Now that summer is in full swing, it is time for children to enjoy some “fun in the sun.” Hiking, playing in the park, swimming in lakes, bicycling, tubing, eating at barbeques, skateboarding and watching fireworks are just a few activities children will partake in this summer. This is also the time of year that children are more prone to injuries, according to Westchester Health Associates, a clinical affiliate of The Mount Sinai Medical Center.

Whether children are going to a summer camp or staying at home, the following safety tips will help parents and caregivers. “For all parents, this means being extra diligent to help keep your child safe and healthy and at the same time letting them enjoy summer activities,” says Dr. Peter Richel, a pediatrician and father.

Apply Sunscreen – A waterproof sunscreen with a 45 SPF is a must and should be applied and reapplied throughout the time a child is exposed to the harmful rays of the sun.

Drink Water – Keeping hydrated is very important especially when the temperatures are high and the sun is scorching hot. Even if your child is not thirsty, it is important that he/she drink at least 8 ounces of water every few hours. Your body needs water to regulate body temperature and to provide the means of nutrients to travel to all your organs.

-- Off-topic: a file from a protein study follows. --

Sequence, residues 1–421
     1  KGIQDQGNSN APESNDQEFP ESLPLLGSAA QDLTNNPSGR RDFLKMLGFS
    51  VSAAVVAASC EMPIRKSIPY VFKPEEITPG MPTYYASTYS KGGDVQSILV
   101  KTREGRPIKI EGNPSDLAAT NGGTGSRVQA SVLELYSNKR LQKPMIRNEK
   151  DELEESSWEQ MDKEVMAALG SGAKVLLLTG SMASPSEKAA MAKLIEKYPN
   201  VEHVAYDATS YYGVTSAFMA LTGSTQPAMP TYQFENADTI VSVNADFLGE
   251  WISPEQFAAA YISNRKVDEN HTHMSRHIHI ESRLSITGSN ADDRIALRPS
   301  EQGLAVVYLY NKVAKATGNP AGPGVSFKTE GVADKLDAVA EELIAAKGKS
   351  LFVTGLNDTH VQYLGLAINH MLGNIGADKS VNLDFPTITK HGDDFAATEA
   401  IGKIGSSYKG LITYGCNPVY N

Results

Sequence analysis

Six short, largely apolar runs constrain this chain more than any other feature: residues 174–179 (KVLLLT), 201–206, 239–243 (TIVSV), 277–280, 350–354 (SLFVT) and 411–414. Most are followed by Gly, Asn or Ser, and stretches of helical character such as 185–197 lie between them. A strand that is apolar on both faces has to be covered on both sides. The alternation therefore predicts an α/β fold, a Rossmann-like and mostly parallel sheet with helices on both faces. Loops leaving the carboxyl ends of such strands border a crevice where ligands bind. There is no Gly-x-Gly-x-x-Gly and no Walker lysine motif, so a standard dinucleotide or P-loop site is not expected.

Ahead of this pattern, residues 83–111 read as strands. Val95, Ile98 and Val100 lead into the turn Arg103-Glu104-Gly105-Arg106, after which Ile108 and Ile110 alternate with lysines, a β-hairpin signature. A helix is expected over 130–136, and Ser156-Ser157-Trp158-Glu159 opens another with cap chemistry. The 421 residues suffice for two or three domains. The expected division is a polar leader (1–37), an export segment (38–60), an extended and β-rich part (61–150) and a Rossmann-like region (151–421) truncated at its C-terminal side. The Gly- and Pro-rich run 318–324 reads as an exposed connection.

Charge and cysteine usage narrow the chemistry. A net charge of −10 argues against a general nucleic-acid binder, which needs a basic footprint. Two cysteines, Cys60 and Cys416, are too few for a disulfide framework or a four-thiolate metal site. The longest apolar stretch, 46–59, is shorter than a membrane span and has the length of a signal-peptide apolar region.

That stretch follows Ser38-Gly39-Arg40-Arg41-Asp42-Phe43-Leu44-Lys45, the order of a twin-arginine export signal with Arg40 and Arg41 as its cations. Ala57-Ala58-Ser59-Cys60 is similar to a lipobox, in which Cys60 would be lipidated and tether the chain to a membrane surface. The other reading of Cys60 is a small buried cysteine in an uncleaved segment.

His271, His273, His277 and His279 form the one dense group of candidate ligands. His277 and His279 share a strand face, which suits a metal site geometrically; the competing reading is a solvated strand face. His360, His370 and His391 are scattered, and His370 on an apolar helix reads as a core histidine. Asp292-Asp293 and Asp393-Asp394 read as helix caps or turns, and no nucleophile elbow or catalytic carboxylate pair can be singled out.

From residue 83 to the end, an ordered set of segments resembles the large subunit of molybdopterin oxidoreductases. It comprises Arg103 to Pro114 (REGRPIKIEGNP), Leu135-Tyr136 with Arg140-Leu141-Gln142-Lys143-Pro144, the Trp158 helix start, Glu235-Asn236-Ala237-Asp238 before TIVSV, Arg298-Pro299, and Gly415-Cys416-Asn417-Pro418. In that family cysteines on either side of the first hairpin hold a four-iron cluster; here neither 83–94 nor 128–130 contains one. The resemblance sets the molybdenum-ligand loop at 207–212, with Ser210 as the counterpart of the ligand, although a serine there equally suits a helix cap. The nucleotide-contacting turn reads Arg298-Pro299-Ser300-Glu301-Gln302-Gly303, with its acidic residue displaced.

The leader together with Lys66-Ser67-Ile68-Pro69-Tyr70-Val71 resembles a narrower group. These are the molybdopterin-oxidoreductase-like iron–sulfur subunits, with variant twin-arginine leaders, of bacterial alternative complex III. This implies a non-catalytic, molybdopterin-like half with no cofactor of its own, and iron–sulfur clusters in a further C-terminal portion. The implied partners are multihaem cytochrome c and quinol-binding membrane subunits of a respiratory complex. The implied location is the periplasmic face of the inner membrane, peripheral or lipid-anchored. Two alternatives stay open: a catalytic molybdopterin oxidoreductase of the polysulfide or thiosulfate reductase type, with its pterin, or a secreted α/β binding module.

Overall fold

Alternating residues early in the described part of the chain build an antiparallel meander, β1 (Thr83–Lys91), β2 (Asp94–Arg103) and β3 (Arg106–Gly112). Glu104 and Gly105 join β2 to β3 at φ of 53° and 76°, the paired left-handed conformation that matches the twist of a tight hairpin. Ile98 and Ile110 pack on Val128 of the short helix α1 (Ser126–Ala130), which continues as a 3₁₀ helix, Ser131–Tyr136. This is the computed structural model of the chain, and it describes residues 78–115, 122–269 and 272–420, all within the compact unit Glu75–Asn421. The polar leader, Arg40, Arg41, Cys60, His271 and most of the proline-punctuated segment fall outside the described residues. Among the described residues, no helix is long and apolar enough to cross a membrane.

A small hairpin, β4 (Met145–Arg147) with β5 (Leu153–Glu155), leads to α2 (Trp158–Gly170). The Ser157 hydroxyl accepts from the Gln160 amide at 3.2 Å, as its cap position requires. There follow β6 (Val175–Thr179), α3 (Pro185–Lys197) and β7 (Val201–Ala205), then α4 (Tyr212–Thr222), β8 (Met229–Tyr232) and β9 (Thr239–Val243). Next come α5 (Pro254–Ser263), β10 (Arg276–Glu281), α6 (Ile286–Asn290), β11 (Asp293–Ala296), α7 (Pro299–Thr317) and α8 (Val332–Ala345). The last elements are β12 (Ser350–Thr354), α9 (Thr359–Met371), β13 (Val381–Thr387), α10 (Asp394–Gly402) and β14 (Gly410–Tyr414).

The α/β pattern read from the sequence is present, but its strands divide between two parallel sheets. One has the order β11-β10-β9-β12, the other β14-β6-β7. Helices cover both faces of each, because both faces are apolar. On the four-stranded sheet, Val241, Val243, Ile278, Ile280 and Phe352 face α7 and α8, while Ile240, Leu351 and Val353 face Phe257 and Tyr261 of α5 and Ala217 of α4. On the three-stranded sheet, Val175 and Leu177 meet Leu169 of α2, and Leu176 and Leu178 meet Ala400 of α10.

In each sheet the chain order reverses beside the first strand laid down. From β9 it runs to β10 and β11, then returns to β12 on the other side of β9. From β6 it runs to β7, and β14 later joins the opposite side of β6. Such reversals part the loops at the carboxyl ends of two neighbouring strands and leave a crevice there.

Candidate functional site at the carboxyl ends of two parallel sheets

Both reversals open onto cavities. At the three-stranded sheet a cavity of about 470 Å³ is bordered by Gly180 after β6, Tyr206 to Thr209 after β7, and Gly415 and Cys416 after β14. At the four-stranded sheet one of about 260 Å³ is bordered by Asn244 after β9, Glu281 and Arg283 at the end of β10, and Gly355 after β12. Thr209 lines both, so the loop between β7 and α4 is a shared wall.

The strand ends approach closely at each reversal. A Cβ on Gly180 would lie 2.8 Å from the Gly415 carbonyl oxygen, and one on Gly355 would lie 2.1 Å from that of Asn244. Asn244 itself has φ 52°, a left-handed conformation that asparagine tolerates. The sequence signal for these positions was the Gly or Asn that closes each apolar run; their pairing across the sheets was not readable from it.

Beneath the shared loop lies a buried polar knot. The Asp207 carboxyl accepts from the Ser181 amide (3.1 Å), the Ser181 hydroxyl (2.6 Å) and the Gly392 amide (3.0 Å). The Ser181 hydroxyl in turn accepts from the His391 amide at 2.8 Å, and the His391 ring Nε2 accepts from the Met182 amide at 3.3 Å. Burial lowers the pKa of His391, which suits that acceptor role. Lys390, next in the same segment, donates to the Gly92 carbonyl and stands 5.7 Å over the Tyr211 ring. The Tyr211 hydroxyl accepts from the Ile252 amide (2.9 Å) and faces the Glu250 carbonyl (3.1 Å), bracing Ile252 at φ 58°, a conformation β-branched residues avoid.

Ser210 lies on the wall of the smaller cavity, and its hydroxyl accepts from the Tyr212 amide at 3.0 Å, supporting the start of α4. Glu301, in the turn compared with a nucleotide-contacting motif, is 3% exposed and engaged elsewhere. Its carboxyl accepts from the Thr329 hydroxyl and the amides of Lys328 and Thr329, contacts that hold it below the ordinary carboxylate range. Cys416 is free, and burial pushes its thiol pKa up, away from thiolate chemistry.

Wear a Helmet – In some states, there are laws for all riders to be required to wear a helmet. In others, there is an age restriction. Make sure the play areas are safe and free of any hazardous materials. Supervision is always best, but teaching your kids the principals of safe play as well will help the matter.

Check for Ticks – The Houston area is a well-known breeding ground for ticks and Lyme disease and is a common problem. Dr. Steve Levine, pediatrician and father, advises parents to check for tick bites regularly. To prevent tick bites, children should wear long sleeves, high socks and cover all exposed areas of the skin, especially the ankles and arms. Levine also cautions against insect repellents with high concentrations of DEET.

Wear a Life Jacket – To ensure that your children are safe, never leave them unsupervised around water. Children, especially under the age of four should always wear a U.S. Coast Guard approved life jacket when on a lake, river or ocean while *boating, swimming, tubing or water skiing.

Keep Play Areas Clean – Summertime viral illnesses, such as the Coxsackie virus, can easily be avoided by keeping up with the cleanliness of your kids’ play areas and keeping hands clean and germ-free. The Coxsackie virus can produce a wide variety of symptoms, mostly flu-like. It takes anywhere from three to six days to feel any symptoms.

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